In the past month, what have you been happy about?
In the past month, what have you been less happy about?
Any questions/feedback for me?
For your first 1:1 meeting with a new team member, you’ll need to ask some more in-depth questions to try and figure out how to communicate with them on an emotional level. Try questions like:
What do you expect from a good manager?
How do you prefer to receive recognition?
What is important to you outside of work?
What makes you grumpy? How will I know when you’re grumpy?
What is your favorite way of having our 1:1 meeting: a walk, a coffee break, a meeting in a meeting room?
What is the best time for having our 1:1 meeting?
What makes 1:1s the most valuable for you?
Asking these types of questions is strategic. Not only do you demonstrate to your team that you actually care about the experience of the people you manage, but it gives them a safe space to talk honestly about how they feel about their working environment.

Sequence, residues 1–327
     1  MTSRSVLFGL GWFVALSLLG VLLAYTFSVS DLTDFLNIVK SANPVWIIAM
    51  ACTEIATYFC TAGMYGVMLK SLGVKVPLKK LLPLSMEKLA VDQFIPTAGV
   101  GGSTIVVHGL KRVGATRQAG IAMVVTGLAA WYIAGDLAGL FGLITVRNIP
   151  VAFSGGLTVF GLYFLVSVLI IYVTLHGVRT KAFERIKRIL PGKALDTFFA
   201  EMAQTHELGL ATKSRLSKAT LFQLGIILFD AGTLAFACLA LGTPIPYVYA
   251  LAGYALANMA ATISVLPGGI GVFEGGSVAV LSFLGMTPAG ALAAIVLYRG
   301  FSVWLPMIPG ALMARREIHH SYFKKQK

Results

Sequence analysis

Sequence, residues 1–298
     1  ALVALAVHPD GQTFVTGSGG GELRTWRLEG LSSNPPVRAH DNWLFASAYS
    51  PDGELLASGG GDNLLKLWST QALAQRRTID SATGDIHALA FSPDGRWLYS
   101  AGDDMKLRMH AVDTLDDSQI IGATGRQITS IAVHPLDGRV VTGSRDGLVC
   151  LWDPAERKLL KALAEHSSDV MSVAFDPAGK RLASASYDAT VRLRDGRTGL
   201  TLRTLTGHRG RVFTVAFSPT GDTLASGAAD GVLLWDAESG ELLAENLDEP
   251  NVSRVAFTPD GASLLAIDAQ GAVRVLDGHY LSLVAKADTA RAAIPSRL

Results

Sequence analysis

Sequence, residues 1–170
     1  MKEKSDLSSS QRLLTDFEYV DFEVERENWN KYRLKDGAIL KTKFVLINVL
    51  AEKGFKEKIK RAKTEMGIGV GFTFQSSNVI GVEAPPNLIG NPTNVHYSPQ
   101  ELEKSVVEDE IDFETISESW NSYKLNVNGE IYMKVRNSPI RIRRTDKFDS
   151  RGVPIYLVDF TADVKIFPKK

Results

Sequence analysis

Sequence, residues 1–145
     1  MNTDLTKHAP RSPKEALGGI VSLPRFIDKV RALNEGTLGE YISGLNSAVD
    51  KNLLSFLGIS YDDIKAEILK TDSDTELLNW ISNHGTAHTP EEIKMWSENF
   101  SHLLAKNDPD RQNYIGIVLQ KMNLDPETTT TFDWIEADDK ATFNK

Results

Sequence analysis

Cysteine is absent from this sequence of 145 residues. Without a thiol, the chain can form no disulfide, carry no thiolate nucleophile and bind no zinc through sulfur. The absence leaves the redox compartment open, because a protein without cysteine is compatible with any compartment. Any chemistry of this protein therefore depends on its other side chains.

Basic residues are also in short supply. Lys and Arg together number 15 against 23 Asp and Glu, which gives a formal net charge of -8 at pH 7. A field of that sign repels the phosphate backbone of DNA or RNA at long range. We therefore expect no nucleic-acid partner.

PRO-TIP: Want to have more impactful 1:1 meetings with your team and improve your company’s emotional culture? We’ve put our 1:1 meeting questions into templates to help teams like yours build trusting relationships. Download them here!
3. Establish communication guidelines so people feel comfortable interacting
Ever had meetings where you feel like you can’t get a word in? Or how about those email chains that you keep getting CC’d into…. For no reason?
These are common examples of communication breakdowns. And they usually happen when there are no guardrails in place that explain the etiquette you expect around how your team talks to each other.
And that’s why creating a communication guideline is so helpful. These guidelines essentially regulate how your team talks to each other to make each interaction more comfortable and impactful.
The best guidelines aren’t 50-page PDFs that drone on and on about communication methods or rules. All you need is a simple table that your team can look at to help them figure out what channel of communication is best to talk about an issue or project.